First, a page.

Respondent issued a notice of deficiency to WNC Corporation and Subsidiaries on June 7, 1988, in which he determined deficiencies in income tax and accumulated earnings tax as follows:

+---------------------------------------------+ ¦ ¦Income tax ¦Accumulated ¦ +-----------------+------------+--------------¦ ¦TYE Sept. 30— ¦deficiency ¦earnings tax ¦ +-----------------+------------+--------------¦ ¦1984 ¦$2,617,076 ¦$2,113,056 ¦ +-----------------+------------+--------------¦ ¦1985 ¦269,775 ¦--- ¦ +-----------------+------------+--------------¦ ¦1986 ¦4,670,398 ¦3,526,247 ¦ +---------------------------------------------+ Petitioner Universal Manufacturing Company, Inc. is the successor to WNC Corporation by merger. In its petition, filed September 2, 1988, it asked for redetermination of the deficiencies for its taxable years ending September 30, 1984, and September 30, 1986; it did not ask for redetermination of the deficiency for its taxable year ending September 30, 1985. The principal contention made by Universal Manufacturing Company, Inc. in its petition is that respondent erred in determining that net operating loss deductions for its taxable years ending September 30, 1984, and September 30, 1986, are not allowable due to the requirements of sections 172 and 269 of the Internal Revenue Code. (All section references are to the Internal Revenue Code, as amended, unless stated otherwise.)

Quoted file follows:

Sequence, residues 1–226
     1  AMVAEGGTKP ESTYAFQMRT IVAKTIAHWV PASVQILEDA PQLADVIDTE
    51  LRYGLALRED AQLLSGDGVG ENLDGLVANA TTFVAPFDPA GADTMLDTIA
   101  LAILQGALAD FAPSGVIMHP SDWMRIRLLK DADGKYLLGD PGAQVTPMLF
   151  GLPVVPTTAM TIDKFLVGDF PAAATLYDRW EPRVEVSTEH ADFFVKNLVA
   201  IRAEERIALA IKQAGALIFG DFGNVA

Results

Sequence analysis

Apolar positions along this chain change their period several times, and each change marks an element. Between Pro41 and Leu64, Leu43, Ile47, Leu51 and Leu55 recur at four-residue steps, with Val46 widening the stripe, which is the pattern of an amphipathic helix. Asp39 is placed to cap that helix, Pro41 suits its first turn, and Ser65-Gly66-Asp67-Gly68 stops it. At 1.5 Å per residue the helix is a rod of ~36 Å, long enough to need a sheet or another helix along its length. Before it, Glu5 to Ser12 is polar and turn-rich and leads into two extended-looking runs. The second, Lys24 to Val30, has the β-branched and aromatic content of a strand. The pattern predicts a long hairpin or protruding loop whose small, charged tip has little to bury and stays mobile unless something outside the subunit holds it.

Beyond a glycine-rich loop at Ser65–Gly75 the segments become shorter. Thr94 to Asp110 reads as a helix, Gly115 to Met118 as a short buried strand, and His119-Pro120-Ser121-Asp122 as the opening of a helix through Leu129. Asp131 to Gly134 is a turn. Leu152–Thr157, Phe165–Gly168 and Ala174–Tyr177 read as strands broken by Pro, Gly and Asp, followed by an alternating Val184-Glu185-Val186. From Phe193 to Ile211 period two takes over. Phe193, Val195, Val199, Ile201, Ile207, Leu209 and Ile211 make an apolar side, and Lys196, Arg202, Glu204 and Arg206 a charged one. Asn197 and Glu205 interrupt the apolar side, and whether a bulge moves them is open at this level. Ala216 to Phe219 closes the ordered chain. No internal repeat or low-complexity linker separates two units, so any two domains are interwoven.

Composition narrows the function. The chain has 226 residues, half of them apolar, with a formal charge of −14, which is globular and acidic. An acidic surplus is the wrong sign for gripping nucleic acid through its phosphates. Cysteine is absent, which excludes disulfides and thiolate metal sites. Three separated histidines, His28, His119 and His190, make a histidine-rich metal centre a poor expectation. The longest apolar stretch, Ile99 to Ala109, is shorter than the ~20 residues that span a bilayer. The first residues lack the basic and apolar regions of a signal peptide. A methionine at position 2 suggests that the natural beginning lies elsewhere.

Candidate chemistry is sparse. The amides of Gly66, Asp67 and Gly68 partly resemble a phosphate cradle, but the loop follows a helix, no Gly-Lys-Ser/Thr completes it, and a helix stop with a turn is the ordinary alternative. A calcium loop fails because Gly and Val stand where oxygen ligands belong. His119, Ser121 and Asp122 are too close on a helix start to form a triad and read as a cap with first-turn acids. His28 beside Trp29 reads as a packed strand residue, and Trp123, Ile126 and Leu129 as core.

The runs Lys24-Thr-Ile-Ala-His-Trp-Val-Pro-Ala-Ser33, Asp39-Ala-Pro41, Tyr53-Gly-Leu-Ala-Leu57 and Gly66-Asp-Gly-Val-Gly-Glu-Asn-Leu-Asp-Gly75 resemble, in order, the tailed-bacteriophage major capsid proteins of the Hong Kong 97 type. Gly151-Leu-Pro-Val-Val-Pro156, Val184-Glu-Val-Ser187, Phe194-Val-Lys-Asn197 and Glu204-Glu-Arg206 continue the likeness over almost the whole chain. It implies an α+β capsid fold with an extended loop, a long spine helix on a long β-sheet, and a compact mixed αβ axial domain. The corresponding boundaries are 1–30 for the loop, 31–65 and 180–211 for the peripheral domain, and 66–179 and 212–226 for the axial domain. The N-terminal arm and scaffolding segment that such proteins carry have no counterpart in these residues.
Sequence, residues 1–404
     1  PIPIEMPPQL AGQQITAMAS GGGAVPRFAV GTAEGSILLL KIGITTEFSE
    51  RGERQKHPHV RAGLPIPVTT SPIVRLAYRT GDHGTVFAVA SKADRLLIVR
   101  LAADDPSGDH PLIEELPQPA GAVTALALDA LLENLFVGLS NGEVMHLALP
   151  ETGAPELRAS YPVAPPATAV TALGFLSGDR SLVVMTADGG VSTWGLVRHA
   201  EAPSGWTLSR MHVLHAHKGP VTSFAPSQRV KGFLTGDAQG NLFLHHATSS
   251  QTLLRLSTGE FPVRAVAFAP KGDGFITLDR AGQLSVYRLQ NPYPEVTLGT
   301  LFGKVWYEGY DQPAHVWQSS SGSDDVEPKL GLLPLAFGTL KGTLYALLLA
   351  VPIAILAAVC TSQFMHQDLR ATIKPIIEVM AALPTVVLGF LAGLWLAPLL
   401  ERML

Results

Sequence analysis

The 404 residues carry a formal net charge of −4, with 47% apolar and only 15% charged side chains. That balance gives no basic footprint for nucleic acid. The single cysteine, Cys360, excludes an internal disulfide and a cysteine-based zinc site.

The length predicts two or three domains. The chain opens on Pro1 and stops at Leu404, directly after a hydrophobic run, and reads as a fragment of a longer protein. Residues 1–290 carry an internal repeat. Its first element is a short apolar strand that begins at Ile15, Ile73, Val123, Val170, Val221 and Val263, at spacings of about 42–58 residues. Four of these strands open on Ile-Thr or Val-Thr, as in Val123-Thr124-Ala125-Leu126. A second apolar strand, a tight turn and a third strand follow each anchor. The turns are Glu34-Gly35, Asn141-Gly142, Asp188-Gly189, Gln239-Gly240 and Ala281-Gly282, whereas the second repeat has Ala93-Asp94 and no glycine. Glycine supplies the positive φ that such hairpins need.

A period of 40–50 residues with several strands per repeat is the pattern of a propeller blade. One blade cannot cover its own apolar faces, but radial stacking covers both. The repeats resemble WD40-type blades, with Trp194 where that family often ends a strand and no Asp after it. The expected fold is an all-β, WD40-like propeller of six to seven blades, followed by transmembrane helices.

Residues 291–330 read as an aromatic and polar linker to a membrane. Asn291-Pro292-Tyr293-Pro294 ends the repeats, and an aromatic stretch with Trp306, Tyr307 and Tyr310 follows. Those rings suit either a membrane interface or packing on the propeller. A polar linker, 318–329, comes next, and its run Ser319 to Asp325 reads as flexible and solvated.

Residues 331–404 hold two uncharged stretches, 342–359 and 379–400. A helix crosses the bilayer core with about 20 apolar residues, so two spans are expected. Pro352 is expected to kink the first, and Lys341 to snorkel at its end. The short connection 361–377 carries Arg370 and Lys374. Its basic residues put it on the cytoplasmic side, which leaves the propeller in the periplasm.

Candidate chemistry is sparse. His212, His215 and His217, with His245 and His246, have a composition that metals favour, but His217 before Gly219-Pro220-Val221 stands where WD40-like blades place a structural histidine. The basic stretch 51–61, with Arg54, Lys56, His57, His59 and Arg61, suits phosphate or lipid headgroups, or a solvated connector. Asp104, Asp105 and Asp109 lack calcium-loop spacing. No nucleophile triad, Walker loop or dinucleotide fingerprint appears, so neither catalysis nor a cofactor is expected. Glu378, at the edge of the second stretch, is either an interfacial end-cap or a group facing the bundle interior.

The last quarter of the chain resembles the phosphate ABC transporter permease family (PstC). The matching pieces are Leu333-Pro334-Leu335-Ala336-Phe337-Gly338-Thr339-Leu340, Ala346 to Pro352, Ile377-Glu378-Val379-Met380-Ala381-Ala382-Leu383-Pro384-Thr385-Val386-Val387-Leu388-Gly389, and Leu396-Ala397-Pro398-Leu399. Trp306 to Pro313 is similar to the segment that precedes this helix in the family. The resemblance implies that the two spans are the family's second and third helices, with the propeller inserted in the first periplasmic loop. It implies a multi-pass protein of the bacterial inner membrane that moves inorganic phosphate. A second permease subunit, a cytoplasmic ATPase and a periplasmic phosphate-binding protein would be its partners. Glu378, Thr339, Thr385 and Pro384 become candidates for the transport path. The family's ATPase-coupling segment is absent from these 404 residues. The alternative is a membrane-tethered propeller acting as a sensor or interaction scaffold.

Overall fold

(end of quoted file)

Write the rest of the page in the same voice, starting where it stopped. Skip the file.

Respondent issued a notice of deficiency to Mr. Delbert W. Coleman on September 19, 1988, in which he determined deficiencies in income tax as follows: